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MG MGB Technical - Warm GT for the winter?
|I live in Norway, where the winters sometimes can be cold. Only sometimes. I have two MGs, a TD 35 that is hibernating for 6 months every year, and an MGB GT 1953 (image). The latter is my winter car! Equipped winter winter tyres (no spikes). The big problem is lack of heat blowing in. Oh, I have heat, but it seems not to want to get into the car. An MG specialist is taken a look at it now. It is almost like there is a dead animal in there, hindering the airstream.|
Someone will also fix the heat for the rear window, so I at least can look backwards.
I will not be using the car for long trips, and it will stay in a warm garage most of the time.
But there are those days when I will take it for a ride..
PS. I only have two cars!
|I just fixed mine after months of messing around. i released the connection between the flexible heater pipe connected to the waterpump and attached a hose to the other side. opened the heater valve and turned the hose on.|
Using a digital thermometer with probe (£10 on ebay, useful around the house too) I had detected an air lock in the pipe leading from the heater valve on the cylinder head and the heater box which i just could not get rid of. There was a 50 degree C temperature drop within a few cm which just had to be air.
The hose cleared it and with careful reassembly trying not to allow air back in, i now have warm feet for the first time!
hope it helps.
Have a look at:
|J. G. Catford|
|Don't forget that with the doors and windows closed it's like asking the heater to blow up a balloon as there's no through-flow ventilation.|
As a 1963 (sic) you can't do this but one way to boost throughput is to cover the intake at the base of the screen and open the fresh-air vents on the later dash, and get recirculation.
On a day with the ambient at 8C I measured over 60C from the screen vents of my roadster, a bit less at the footwell vents, but that is still enough to get our feet uncomfortably warm.
There are at least 10 areas that can contribute to poor heat output, you might like to have a look here http://www.mgb-stuff.org.uk/heatertext.htm
|Tell me when you´ve got it right, Raymond. I would like some more heat output in my roadster, even if I don't use it in winter!|
I think you messed up the years of your cars. It´s a 1953 TD and a 1973 MGB GT, right? Both are real beauties.
|Thank you everyone for the input here!|
Tore, of course you are right, I have an MG TD 1953 and an MGB GT 1973.
|Maybe I should add that the most important thing for me here, is to get the warm air reaching the front windows with some speed, since the windows of the car will mist up as it is now, with the heat just crawling in.|
|Then as a 73 you can configure it for recirculation, i.e. pass already warmed air through the heater instead of external air.|
some things you could check and do to help get more heat
. obviously have the cooling/heating system in full working order and in good condition
. have the correct water stat fitted
. follow coolant refill instructions from the Driver’s Handbook to avoid getting air locks or ‘hotspots’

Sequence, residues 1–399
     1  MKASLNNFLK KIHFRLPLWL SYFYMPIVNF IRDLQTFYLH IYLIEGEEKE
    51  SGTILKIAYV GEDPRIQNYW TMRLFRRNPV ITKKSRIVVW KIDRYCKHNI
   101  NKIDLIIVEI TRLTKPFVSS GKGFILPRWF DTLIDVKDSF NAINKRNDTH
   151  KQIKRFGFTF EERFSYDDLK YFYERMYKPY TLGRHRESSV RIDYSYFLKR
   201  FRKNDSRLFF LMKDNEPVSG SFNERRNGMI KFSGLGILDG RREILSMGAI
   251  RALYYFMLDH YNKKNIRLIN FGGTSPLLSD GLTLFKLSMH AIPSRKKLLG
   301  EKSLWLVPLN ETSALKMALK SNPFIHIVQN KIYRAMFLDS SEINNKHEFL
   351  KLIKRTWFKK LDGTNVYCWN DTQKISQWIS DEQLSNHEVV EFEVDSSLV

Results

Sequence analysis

. remove the heater valve and clean out valve and block water ways, lubricate the valve and refit the cable to fully open
. check and replace as required the fan belt and check the fan is clean and secure, metal fans have rubber grommets that can perish
. check the fins on matrix are clear of debris
. important - check the seal in the heater box and seal to heater screen are fitted correctly and in good condition
. exclude cold draughts to the screen from window and door seals
. fit a mesh to the air intake cover
Tip – to help clear the windscreen quicker angle the sun visors to deflect the fan assisted air back onto the windscreen and to prevent it blowing passed the visors to the roof
|Presumably the cold air "door" is shut? From his excellent web site that Paul mentions, have a look at the cutaway drawing of a BGT at Gaydon. You will be able to see the path of the in coming air and how it flows out. Might provide some clues as to where it is being lost. For winter (over here so not so cold!) I slide a piece of clear acetate between the mesh and the grille in front of the windscreen leaving about 1/4 of the original opening. Then use the re-circulation method suggested above.|
|I forgot about the fresh air flap good suggestion to check that, I can't remember now if that also has a seal on it|
|It should have a seal. It serves a very important function. RAY|
|Paul. just read your heater description. very useful.|
noting your comments about the orientation of the pipes that input/output water to & from the heater, if it's more efficient to have input at the top, what is preventing one from swapping the pipes over with suitable extensions?
|makes sense that the fresh air flap should have a seal but for some reason I doubted it on some models, my mistake|
|Graham - nothing, it would be interesting to do before and after comparisons. I suspect it won't make any measurable difference as the force from the pump should greatly outweigh convection.|
When we first had central heating many years ago we had a thermostatic valve fitted to the hot water cylinder outflow i.e. the lower heating coil connection to control the temperature of the domestic supply, as that was purely convective. But because of the pipe runs turbulence from the pump was causing reverse flow in the hot water circuit, which shut off the valve almost as soon as the boiler came on, so no hot water. I fitted a thermostatic switch to the flow pipe by the tank, and wired that in series with the pump, so that the pump didn't come on until hot water had reached the cylinder, by which time it had enough of a 'head' to keep going.
|Paul, very clever. RAY|
This thread was discussed between 20/11/2014 and 25/11/2014
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